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Asthma: causes and triggers

 


What are asthma triggers, and what are the causes?

We all know that all sorts of things seem to be able to bring on an asthma attack. Dogs and cats cause asthma attacks in some people. Tobacco smoke, cold air, exercise and even laughing can cause attacks too. On the other hand, people with asthma tell us that they are worse when they are anxious. Really bad attacks which force people to go into hospital often happen after a virus infection of your nose or chest. Some people get asthma if they take aspirin or other painkillers, and some get asthma from dusts or fumes at work.

In a way, these things are all causes of asthma.

Of course, other things help to decide whether you get asthma in the first place; not just one attack, but the disease as a whole. You can inherit the asthma tendency from your parents, although people with asthma should not worry about their future children on this score. Things to do with a 'Westernised' lifestyle in developed countries clearly have a lot to do with how many people have asthma in a country. Many people believe air pollution has something to do with it, though the evidence is very weak. Childhood infections and exposure to substances from bacteria in a dirty environment seem to protect against allergies, and this seems to be the main reason why richer populations have more allergic disease. So research may in future show us a way to get the benefits of infection without the harm and so reduce allergy.

So the causes of asthma are complicated. They include our genes, our exposure to things we become allergic to, and a general effect of our environment on the chance that these genes and things we become allergic to will cause trouble.

But in some ways it is not as complicated as it sounds.

Almost all asthma in young people is allergic asthma. This means that if you have asthma you probably have inherited genes which make it possible for you to get asthma, plus allergy-producing things in your environment, such as house dust mites, cats, or dogs. Both of these are causes, because if either of them were not present you would not have asthma.

But what about colds, exercise, laughter, or tobacco smoke, which can give you an attack of asthma even if everything in the last paragraph is true for you?

You can't cure your asthma by not taking exercise, or by not laughing. Quite simply, these are not causes of the fact that you have asthma, though they can be causes of the fact that you have an attack.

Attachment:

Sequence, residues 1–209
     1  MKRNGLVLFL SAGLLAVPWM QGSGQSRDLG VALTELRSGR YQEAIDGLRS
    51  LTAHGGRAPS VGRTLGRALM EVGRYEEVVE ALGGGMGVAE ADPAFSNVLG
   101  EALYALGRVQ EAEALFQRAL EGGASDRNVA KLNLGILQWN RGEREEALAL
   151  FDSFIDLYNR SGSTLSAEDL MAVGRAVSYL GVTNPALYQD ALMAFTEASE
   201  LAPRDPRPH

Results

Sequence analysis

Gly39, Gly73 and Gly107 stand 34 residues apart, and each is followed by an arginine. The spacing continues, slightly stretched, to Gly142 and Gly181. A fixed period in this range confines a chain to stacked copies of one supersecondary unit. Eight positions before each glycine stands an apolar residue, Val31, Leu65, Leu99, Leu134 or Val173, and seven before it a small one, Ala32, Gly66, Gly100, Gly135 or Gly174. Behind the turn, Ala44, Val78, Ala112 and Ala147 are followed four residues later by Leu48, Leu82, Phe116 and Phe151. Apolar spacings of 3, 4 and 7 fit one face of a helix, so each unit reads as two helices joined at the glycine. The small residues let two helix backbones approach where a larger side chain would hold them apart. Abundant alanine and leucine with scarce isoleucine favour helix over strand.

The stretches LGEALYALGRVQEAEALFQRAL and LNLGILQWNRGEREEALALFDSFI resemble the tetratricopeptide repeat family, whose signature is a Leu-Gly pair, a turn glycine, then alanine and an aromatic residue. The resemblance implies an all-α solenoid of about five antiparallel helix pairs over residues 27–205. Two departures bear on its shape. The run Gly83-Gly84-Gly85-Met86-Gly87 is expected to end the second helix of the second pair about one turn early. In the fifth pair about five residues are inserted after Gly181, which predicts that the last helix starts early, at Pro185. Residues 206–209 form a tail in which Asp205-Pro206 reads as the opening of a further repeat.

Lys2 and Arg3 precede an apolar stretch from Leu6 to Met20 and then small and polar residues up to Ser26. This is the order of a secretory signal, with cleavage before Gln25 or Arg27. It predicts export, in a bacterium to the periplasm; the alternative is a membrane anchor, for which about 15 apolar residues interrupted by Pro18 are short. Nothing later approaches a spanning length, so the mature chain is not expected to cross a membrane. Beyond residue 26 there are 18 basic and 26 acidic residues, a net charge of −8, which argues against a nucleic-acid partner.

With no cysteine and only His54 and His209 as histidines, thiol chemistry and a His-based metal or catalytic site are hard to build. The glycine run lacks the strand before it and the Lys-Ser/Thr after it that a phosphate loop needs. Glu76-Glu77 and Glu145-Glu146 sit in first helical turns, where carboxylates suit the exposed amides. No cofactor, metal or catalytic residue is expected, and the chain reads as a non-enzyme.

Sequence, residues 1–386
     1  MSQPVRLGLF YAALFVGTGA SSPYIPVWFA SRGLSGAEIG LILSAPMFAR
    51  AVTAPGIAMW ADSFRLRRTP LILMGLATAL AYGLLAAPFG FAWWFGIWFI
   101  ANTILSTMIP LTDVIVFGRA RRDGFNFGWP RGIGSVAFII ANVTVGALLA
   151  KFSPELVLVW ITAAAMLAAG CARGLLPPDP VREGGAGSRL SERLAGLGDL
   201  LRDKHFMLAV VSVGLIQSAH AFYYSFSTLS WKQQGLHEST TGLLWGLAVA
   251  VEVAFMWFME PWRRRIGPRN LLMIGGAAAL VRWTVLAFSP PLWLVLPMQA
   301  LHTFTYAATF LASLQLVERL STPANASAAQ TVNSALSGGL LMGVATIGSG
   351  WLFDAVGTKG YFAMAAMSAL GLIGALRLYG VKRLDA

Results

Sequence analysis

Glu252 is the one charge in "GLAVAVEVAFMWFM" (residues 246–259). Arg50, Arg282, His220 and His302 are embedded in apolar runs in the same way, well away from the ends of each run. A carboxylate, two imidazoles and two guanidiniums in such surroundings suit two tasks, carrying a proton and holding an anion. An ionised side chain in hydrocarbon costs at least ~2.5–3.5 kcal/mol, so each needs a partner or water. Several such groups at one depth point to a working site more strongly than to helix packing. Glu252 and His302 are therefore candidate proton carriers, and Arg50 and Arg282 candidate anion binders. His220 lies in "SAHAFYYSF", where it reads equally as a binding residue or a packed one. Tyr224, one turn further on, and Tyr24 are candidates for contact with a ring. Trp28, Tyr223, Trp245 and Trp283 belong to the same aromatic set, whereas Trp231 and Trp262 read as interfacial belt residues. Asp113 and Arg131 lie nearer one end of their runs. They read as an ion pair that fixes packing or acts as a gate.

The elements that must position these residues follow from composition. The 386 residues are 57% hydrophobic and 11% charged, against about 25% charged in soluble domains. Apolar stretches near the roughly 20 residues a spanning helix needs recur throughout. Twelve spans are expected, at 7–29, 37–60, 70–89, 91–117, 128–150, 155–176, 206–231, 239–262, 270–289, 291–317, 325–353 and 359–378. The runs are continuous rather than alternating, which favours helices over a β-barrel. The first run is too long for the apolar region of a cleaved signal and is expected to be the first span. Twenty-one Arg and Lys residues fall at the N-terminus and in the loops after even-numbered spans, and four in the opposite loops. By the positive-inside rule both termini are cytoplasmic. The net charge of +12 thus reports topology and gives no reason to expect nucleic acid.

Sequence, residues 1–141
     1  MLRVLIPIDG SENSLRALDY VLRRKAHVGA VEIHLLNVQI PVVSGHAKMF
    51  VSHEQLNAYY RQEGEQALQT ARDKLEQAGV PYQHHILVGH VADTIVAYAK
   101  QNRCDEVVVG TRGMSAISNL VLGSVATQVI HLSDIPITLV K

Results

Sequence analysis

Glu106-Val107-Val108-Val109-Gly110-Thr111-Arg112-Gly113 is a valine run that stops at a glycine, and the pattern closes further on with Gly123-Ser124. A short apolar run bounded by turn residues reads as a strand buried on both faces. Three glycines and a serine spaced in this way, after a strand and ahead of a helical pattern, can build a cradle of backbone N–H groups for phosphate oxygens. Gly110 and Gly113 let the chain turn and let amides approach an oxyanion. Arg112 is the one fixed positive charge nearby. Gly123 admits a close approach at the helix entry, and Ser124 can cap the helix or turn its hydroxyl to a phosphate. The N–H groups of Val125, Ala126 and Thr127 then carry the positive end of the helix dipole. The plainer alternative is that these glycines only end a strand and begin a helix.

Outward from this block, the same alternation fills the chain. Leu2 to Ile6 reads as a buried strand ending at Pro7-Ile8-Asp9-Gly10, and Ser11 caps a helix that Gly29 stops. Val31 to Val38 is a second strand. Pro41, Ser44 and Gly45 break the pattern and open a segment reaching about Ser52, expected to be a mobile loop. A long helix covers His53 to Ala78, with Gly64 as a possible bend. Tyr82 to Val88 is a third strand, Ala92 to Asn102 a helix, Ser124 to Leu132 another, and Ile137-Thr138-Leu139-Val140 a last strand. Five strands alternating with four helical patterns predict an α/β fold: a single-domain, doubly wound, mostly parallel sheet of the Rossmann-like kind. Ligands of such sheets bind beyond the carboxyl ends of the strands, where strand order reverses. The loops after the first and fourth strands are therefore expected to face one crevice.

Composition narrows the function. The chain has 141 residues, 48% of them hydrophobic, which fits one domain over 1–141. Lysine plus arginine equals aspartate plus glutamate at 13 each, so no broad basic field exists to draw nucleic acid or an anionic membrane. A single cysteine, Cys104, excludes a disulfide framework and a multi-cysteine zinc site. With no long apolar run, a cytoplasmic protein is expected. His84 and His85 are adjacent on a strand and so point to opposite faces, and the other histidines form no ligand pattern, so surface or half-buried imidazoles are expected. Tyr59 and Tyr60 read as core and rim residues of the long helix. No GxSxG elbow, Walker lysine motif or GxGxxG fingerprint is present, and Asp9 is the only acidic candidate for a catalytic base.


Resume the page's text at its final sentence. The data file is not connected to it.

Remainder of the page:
The words "trigger factors", or "triggers" of asthma should really be used for these things which can only cause an attack in someone who already has asthma.

But you hear these words used for the dog to which you may be allergic, or the cat, or the mould on the wallpaper which causes your asthma, and even about house dust mites. Instead of calling these things causes, which is what they are, people call them "triggers". That is a bit like calling the oncoming car the trigger of an accident. Demoting causes by calling them triggers makes people think they are not so important, and that maybe they should just keep taking the inhalers instead of making efforts to root out the cause of their asthma.

A cause is something without which an effect (such as asthma) will not happen. There may be more than one cause for an event. An extreme example is an election. Huge numbers of voters cause the result of the election: each vote was a cause.

We normally think of a trigger factor as something small, which causes something big to happen suddenly. A trigger is a type of cause. But the implication is that the important causes have to be there already if the trigger is to work, and that the trigger is not so important.

For example: if you don't have asthmatic lungs, or your asthma is really well controlled by treatment, a cold won't give you asthma symptoms. So in this sense, it is fair to call the cold a "trigger factor". Moreover, if you did not have colds, this would not stop you having asthma, so in that sense we can't call it a true cause of the disease.

But if you have asthma whenever you go near dogs, then dogs in the past have been the cause, and a dog now can cause an attack. In other words the dogs can be a cause of asthma and also a trigger of an attack. Concentrating only on the triggering of the attacks misses the really important point that contact with dogs was a cause of the asthma in the first place.

Confused? Here's another way to look at it:

A cause is something without which you would not be asthmatic.

A trigger is something which sets off an attack, but which does not make you asthmatic in the first place.

You will obviously want to avoid both causes and triggers, but the causes are more serious: without them the triggers do no harm. Causes include allergies to house dust mites, cats, dogs, and moulds.

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Housepainting can make asthma worse

We don't know of any research on this, but lots of patients tell us a consistent story. Glossy oil paints used for home decorating bring on asthma attacks in asthma sufferers. The good news is that emulsion paints don't seem to do this.

Polyurethane paints, usually recognisable because they come in two packs which need to be mixed together before use, cause occupational asthma in people who use them regularly. Probably they cause no great risk in people with asthma who use them infrequently. But it is surely a good idea to ventilate the area well when you are using any kind of housepaint.

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This page is maintained by Martin Stern
Created 1997. Last update: Oct 10 & 11, 2000 (substantial text edit, especially reference to infection and asthma prevalence).

Copyright © 1997, 2000 Asthma and Allergy Information and Research